From the west coast of Ireland to a tiny fishing village in southern Morocco and even a small town in Alaska, some of the top surf towns don’t look anything like the stereotype. Others, though, are exactly what you would expect—all sand, sun and mellow feelings that last long after you leave the water.
Some will surprise you, others will have you nodding your head in agreement—these are the top 10 surf towns in the world.
Breathtakingly beautiful beaches give way to some of the best waves you’ll find anywhere in this near-perfect Australian surf town. Two of the most notable spots—The Pass and Wategos—are popular among suffers of all experience levels, but spots for the more experienced surfers aren’t far off. After your time in the water, hit the town and unwind at a café, shop smaller boutiques or check out Pig House Flicks, a local cinema featuring great independent films.
Montauk, locally-known as “The End,” is set at the tip of Long Island’s south fork and subject to swells from the Atlantic. The town isn’t far from the Hamptons, but the vibe is notably more relaxed, making it a top surf town on the east coast. Head to the ever popular Ditch Plains Beach or check out Poles, which is west of Ditch Plains. Crowded in the summer and virtually abandoned in the winter, Montauk offers up fantastic sea food, a historic lighthouse and some of the best surfing in the northeast.
For some, Ireland might conjure images of rolling green hills and cozy local pubs, but the country is well-known among surfers for another asset. Bundoran on the west coast has a reputation for wild weather-related swells and chilly ocean temps. The town that’s known for no-nonsense surfing has hosted the European Surfing Championships a few times and is no stranger to foreign surfers. Visit in the fall, after the crowds have gone, or—for a truly unique experience, visit in the winter for great conditions (as long as you can brave the freezing temperatures).
This tiny fishing village in southern Morocco has flourished into one of the best surfing destinations in the world. With the best conditions hitting the coast from September to April, the town is full of surfers that have traveled from near and far. Local companies offer stay-and-surf packages, but those sell out quickly in the high season, so book early.
Although Alaska has the most coastline of any state, many people are surprised to hear that it’s home to one of the best surfing spots in the country. Yakutat—also known as the “Far North Shore”—boasts Alaska’s first surf shop: Icy Waves, along with some incredible conditions. The only way to reach this remote surf location is by ferry or plane, but once you’re surfing in full view of Mount St. Elias, it’ll all be worth it.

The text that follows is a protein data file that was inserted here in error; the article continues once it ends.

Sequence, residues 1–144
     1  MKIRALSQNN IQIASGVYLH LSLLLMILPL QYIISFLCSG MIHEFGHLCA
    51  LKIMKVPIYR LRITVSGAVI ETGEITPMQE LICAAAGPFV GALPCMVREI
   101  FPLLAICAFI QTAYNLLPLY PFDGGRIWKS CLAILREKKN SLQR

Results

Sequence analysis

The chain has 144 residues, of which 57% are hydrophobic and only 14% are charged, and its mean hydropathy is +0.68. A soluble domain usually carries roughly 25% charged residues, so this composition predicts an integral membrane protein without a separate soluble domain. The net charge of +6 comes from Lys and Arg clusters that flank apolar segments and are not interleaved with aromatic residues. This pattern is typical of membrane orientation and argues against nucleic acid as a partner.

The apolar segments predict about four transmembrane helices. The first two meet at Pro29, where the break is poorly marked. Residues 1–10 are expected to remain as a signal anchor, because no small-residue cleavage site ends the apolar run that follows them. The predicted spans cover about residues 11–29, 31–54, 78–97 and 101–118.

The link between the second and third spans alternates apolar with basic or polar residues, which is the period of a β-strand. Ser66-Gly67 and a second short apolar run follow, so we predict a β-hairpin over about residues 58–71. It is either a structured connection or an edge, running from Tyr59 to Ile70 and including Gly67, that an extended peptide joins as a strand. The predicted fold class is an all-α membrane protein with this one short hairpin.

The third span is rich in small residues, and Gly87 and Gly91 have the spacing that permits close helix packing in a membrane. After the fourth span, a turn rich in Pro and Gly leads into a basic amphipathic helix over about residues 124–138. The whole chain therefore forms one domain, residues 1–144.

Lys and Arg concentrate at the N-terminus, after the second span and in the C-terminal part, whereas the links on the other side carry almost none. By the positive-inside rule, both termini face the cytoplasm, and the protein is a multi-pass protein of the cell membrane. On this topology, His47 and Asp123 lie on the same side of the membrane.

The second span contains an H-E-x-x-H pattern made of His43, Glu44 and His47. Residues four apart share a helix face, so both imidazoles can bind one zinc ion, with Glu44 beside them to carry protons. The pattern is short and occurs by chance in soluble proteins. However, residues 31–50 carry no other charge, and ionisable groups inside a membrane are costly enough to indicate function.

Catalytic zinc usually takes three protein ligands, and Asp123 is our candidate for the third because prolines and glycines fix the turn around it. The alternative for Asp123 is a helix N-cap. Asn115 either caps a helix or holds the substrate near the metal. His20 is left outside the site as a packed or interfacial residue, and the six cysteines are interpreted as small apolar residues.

San Sebastian’s reputation doesn’t stop at the waves in this surf town, as its food scene takes center stage. From Michelin starred restaurants to tiny local bars, there are plenty of delicious options in town. When you’re ready to paddle out, La Zurriola is a favorite surf spot where conditions are typically mild in the summer but amp up in the winter.
When Kelly Slater plays live music in a local bar you just know that surf town must be epic—such is the case in Brazil at Florianopolis. After Slater took a world title in 2005, he celebrated in town, but he’s far from the only big name surfer to fall for Floripa. With more than 40 beaches and an eccentric culture all its own, this town is a must-visit for any surfer looking to live it up.
Better known as a haven for winter sports, British Columbia does, in fact, accommodate surfers—just don’t forget your wetsuit. Set on the West Coast of Vancouver Island, the area is rich in wildlife (including whales in the spring) and the waves are more manageable in the summer, which makes it a great time for beginners. Those looking for a challenge will have to brave the icy winter waters.
This classic, chilled-out town is a top spot for laid back surfers looking for some of the most consistent waves on the east coast. The town, marked by southern hospitality (and cooking) is busy in the summer and quiet in the winter, but the waves roll in year-round.
Set on Maui’s north shore, this artsy surf town leaves a lasting impression. The laid back vibe infects all who visit and surfing options are plentiful, as long as you don’t mind a bit of wind. Paia Bay is a good centrally-located option, but those looking for a challenge will find nearby Ho’okipa more suitable. Be sure to check out the local art galleries and don’t leave until you’ve had some fresh seafood.